The thinking is that forcing people to reckon with the true cost of medical procedures is our only hope in controlling health-care costs. “Medical prices are so distant from consumers that there’s no way we’re going to get costs under control,” said Steve Parente, a professor at the University of Minnesota who has analyzed Better Way and other conservative health-care proposals. “HSAs are not a perfect mechanism to get you there, but it’s a nudge.”
By way of example, he explained that he saved several hundred dollars on a prescription drug because he heard from someone that a Costco in town had the medication for dirt cheap. While this kind of bargain-hunting isn’t possible in emergencies, but having a high-deductible plan might prompt you to press your surgeon on just how much that shoulder operation is going to cost, he says. Parente said ideally, these high-deductible plans could be “bespoke”—tailored to someone’s medical conditions, so that, say, allergy shots could be covered before the deductible for someone with hay fever. Yes, he acknowledges, it might be painful at first to spend your own money on medical care; high deductibles are a major reason for American’s dissatisfaction with their health plans. People on high-deductible plans tend to go through stages of grief: “First, they’re like, ‘this is screwing us,’ then they get hardened, but then they survive it,” he said.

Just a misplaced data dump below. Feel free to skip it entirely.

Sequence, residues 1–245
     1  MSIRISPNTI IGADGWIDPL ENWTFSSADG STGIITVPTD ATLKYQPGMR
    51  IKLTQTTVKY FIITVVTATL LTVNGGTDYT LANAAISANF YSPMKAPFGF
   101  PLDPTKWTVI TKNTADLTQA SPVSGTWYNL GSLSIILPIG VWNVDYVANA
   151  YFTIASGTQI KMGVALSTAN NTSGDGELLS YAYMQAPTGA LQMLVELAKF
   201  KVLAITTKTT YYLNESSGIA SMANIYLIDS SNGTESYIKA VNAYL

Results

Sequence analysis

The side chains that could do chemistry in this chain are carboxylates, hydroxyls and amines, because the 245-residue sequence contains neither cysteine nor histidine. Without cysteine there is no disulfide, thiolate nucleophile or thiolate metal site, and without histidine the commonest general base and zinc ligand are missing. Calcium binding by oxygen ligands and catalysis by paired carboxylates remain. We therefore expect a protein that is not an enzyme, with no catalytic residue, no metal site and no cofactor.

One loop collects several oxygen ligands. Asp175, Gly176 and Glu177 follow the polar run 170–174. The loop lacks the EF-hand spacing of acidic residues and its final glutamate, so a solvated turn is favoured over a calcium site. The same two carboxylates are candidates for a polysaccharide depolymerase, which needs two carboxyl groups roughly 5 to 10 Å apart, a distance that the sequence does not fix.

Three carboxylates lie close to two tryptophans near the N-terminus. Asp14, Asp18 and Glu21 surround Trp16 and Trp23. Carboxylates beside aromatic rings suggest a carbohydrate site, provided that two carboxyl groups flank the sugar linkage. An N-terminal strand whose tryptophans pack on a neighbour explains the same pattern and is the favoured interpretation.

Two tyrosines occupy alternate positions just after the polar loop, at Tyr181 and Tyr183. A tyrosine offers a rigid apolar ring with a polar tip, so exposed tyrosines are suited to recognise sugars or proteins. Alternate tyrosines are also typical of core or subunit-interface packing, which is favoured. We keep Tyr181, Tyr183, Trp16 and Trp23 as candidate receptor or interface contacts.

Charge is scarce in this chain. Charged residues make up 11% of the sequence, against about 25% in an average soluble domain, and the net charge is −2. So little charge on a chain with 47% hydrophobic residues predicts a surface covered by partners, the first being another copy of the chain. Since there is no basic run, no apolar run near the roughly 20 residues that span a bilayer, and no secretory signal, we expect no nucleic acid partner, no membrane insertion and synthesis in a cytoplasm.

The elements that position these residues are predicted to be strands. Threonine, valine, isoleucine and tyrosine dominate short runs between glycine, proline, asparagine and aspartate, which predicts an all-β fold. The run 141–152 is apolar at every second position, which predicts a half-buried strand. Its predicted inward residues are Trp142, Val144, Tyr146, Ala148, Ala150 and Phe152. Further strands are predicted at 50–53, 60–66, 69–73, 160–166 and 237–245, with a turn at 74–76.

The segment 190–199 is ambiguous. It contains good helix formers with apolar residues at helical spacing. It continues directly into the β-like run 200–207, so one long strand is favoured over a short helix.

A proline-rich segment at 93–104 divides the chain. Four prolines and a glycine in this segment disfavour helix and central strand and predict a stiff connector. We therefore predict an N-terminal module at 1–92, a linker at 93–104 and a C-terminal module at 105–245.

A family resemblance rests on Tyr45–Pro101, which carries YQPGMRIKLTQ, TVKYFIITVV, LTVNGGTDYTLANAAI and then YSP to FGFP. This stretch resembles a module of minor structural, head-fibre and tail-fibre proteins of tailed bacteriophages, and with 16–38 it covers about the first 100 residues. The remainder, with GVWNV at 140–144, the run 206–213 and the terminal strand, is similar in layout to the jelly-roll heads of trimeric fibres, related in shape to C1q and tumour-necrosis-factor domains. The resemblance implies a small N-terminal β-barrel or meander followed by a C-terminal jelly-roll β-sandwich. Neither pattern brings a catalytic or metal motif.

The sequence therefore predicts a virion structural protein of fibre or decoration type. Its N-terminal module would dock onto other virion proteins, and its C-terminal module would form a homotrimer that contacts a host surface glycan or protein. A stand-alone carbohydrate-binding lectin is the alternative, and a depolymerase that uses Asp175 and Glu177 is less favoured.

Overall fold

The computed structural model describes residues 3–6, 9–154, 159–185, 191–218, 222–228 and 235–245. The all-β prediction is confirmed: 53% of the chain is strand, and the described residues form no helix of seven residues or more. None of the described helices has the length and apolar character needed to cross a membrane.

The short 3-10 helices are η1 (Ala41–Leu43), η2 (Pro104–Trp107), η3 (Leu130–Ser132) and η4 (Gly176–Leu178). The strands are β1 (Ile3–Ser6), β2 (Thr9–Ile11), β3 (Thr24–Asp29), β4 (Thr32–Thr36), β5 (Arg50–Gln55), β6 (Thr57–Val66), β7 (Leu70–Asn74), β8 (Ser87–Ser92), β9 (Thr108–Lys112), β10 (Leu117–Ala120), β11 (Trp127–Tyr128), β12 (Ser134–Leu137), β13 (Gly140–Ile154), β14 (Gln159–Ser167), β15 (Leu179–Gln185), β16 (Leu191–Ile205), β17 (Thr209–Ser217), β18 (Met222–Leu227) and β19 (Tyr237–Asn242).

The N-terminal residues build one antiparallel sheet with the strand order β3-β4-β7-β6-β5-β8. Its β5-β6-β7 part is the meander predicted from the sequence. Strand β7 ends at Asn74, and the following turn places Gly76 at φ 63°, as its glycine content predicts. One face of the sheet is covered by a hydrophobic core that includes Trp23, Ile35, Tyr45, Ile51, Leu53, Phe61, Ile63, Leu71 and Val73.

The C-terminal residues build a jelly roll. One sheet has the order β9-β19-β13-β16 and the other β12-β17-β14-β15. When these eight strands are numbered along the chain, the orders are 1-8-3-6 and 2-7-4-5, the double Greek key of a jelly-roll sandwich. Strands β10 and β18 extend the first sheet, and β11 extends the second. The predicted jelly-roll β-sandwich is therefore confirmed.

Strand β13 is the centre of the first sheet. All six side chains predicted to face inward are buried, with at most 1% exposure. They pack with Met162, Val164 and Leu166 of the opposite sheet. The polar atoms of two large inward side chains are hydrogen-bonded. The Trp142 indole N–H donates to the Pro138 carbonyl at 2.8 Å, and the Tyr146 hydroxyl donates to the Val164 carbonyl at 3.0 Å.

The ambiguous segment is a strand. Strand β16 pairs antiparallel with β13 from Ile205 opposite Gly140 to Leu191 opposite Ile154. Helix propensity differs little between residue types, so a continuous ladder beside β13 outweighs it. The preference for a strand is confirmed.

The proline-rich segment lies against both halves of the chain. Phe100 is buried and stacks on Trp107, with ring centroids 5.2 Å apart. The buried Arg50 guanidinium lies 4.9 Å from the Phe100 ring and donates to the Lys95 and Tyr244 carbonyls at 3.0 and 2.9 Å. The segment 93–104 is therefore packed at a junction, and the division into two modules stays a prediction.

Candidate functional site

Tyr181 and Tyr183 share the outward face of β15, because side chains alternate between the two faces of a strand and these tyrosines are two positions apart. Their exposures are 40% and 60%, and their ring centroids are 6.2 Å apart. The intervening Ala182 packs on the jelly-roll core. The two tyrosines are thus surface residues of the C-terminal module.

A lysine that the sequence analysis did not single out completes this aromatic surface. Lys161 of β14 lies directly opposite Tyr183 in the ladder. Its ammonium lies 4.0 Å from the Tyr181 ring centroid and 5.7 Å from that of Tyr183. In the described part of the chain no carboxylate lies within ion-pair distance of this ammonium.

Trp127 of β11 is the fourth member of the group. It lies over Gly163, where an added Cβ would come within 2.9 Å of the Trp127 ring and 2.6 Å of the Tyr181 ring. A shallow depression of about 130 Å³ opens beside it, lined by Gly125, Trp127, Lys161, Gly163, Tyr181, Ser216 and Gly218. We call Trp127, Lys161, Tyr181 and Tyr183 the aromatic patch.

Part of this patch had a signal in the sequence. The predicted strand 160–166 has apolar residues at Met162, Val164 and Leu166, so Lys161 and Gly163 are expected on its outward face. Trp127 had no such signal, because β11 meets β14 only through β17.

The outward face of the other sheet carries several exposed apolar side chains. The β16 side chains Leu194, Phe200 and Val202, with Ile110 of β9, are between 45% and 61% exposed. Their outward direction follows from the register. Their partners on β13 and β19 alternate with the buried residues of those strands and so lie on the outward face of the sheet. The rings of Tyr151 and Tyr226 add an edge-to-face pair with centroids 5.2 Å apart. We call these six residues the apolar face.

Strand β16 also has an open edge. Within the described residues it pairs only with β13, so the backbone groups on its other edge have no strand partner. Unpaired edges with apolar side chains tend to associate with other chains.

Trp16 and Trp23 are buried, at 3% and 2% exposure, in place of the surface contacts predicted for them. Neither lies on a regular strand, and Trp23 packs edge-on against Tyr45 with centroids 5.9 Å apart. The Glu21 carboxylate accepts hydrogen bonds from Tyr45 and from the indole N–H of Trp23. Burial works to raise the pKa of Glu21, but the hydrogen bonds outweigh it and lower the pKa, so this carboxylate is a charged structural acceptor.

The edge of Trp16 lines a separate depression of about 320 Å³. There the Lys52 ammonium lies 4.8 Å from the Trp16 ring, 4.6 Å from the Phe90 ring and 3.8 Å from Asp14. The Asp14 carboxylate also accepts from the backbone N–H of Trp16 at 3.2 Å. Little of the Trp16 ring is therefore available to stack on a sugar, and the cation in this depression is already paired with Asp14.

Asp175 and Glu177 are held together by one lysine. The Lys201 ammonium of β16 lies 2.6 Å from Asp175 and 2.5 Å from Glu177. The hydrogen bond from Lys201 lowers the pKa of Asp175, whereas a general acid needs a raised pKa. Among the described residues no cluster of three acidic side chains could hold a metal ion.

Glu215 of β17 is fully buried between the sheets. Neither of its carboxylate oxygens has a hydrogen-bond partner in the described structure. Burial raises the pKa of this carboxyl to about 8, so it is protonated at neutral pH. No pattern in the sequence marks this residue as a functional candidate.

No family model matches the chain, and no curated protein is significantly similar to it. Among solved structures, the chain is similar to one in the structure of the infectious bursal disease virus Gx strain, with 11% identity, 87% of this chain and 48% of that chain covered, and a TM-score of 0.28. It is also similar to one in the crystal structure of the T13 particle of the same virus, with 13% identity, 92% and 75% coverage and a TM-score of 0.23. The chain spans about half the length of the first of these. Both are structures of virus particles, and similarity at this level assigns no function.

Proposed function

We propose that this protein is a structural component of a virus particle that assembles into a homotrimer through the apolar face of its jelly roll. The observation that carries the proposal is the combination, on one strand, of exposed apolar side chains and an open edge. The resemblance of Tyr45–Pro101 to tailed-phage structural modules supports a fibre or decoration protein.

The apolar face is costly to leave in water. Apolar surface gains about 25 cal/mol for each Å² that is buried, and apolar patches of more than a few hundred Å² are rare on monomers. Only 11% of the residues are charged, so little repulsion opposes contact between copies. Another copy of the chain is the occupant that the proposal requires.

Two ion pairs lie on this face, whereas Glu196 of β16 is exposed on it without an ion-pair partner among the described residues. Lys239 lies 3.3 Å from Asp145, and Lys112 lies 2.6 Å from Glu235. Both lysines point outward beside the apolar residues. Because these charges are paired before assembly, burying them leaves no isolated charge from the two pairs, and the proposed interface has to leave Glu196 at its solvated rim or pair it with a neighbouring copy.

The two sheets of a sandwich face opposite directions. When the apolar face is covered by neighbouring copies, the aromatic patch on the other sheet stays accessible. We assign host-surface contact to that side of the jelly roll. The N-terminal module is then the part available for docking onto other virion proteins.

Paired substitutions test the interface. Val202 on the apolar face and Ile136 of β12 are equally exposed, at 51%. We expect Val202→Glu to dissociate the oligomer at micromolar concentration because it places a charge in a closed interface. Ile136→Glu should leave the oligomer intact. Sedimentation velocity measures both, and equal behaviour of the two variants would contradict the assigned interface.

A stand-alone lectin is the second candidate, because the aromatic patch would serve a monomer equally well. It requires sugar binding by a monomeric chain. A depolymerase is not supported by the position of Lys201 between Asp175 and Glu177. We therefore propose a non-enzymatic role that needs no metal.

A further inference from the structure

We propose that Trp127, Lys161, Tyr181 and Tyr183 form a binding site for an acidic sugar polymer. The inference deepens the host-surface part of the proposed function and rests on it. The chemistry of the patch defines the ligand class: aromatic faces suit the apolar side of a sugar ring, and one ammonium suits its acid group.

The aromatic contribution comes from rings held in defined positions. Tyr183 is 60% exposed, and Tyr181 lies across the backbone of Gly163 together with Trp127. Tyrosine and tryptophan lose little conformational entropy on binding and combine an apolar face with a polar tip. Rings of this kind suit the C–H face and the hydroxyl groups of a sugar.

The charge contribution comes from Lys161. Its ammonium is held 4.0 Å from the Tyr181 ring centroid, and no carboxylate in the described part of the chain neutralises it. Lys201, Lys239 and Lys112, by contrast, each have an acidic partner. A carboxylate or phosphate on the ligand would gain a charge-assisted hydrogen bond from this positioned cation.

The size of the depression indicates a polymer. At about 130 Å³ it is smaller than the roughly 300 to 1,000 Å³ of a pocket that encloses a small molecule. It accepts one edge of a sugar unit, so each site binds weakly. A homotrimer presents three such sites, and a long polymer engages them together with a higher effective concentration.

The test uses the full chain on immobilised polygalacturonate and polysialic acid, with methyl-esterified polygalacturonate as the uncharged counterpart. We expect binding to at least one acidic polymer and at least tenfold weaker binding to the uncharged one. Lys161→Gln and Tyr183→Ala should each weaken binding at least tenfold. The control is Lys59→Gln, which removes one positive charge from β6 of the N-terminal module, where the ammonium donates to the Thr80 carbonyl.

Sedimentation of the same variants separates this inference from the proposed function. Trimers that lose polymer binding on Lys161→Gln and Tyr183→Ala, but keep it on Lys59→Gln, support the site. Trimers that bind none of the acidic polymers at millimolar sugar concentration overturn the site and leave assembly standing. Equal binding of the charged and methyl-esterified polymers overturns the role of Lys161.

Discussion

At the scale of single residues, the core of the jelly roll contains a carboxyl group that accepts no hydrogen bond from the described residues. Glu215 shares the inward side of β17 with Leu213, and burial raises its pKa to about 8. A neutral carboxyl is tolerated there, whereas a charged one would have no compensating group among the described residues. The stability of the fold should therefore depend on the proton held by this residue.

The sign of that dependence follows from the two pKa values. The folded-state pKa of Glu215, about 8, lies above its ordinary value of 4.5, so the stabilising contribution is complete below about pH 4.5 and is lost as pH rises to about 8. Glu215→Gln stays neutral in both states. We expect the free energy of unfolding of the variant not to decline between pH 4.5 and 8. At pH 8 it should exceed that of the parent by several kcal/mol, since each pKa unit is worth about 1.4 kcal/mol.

The push for high-deductible plans is part of conservative policymakers’ fondness for “consumer-driven” healthcare, says Renee Hsia, director of health-policy studies at the University of California in San Francisco, “where we see patients as empowered shoppers who can and should be making decisions about their health care with their wallet.”